There will be walkways made from the boardwalk to get over the dunes for the beach-goers. All I ask is: make sure we wheelchair-bound have access from the boardwalk to the top of the dunes, so we can have that view back.

Dean Derrickson
Ocean View

Reader thinks we’re trusting wrong group

“I’m here from the government, I’m here to help.”

So our new dune/mountains have been designed by the Army Corps of Engineers — aren’t they the same guys that brought us the New Orleans levees? Yikes.

They didn’t measure the height of the boardwalk correctly? Come on. These are the big guys.

When the Atlantic decides to breach the dune/mountains, how is the saltwater going to get back out where it belongs?

We are told get used to it. We’re told it’s the right thing to do. Shut up and the government will take care of it. The Army Corps of Engineers is looking into it? The dune/mountains are being built by a company from Covington, La. Bet they worked on the New Orleans levees?

Buy up the postcards of beautiful Bethany Beach as it was, we’ll never see it that way again.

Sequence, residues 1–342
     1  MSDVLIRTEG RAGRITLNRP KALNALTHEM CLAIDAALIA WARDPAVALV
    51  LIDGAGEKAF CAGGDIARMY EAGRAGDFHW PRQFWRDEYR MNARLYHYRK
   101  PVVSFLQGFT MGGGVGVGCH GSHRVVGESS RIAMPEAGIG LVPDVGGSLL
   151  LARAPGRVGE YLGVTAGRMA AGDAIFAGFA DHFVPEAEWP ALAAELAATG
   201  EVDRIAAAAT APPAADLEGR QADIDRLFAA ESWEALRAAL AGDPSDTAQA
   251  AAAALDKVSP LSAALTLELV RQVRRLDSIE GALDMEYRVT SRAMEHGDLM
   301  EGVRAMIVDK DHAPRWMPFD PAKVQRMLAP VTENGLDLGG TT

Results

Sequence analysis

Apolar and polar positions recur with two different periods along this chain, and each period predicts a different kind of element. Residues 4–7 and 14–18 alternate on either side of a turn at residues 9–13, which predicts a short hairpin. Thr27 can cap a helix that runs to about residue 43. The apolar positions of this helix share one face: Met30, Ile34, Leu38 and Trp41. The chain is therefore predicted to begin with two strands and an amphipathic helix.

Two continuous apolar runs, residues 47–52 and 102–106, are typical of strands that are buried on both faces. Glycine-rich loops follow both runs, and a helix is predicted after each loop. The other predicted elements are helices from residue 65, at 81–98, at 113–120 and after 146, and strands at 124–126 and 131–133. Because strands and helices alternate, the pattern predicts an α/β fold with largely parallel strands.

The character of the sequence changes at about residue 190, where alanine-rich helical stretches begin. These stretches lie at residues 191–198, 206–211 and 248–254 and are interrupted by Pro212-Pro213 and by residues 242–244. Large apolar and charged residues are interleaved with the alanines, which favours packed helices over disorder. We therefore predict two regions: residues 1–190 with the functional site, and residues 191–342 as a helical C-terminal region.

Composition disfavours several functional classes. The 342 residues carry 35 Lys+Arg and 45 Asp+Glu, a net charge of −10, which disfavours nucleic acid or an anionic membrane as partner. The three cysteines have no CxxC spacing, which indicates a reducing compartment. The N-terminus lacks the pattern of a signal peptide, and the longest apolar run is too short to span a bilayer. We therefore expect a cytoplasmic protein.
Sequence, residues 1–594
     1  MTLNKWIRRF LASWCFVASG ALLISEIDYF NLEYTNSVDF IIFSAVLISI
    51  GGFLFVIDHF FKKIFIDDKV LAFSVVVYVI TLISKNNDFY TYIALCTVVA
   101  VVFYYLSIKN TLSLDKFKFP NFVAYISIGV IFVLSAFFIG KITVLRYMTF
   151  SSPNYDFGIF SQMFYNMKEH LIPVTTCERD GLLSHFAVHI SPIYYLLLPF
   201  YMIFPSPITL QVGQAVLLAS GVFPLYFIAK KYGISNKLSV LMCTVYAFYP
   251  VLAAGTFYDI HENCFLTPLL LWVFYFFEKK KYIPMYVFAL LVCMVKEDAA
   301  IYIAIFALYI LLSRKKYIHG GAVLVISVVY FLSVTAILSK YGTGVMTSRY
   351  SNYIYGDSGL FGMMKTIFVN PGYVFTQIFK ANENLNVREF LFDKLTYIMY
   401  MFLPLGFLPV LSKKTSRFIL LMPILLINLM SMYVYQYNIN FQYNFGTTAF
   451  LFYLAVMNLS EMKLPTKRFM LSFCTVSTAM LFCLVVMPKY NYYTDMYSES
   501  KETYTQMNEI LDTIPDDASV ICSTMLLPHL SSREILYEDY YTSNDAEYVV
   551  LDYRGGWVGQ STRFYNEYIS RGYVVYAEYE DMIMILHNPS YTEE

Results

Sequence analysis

More power to Tony Pratt and Mayor Carol Olmstead. Please keep up the fight for a reasonable fix to the problem.

Patricia Getter
Huntington, N.Y., and Bethany Beach

It’s definitely time to study voting process

Voting season is rapidly approaching, and Perry Mitchell’s article dealing with the problems with and mistrust of touch screen system (TSS) voting machines is timely. The issue will not go away, and with good reason.

The machines used in Delaware are neither transparent nor verifiable. When one touches the names of the candidates, those names light up. When finished voting, the vote button is pushed and the names disappear from the screen. The voter has no idea how his vote was recorded. Thus the vote lacks transparency.

At the end of the day the machine is opened and buttons are pushed to produce a paper tally of the vote. There is no way to do a recount, thus the vote is not verifiable. In a recent election, a candidate lost by three votes and was certainly entitled to a recount but of course it is not possible to do a recount on the Delaware voting machines.

It is interesting to note at this point that the companies who manufacture these machines also manufacture ATM machines. The ATM can record the transaction at the bank, issue money and a receipt. One has to wonder why they did not manufacture voting machines that issue a receipt to the voter that could be checked for accuracy and then deposited into a ballot box to be available for a recount.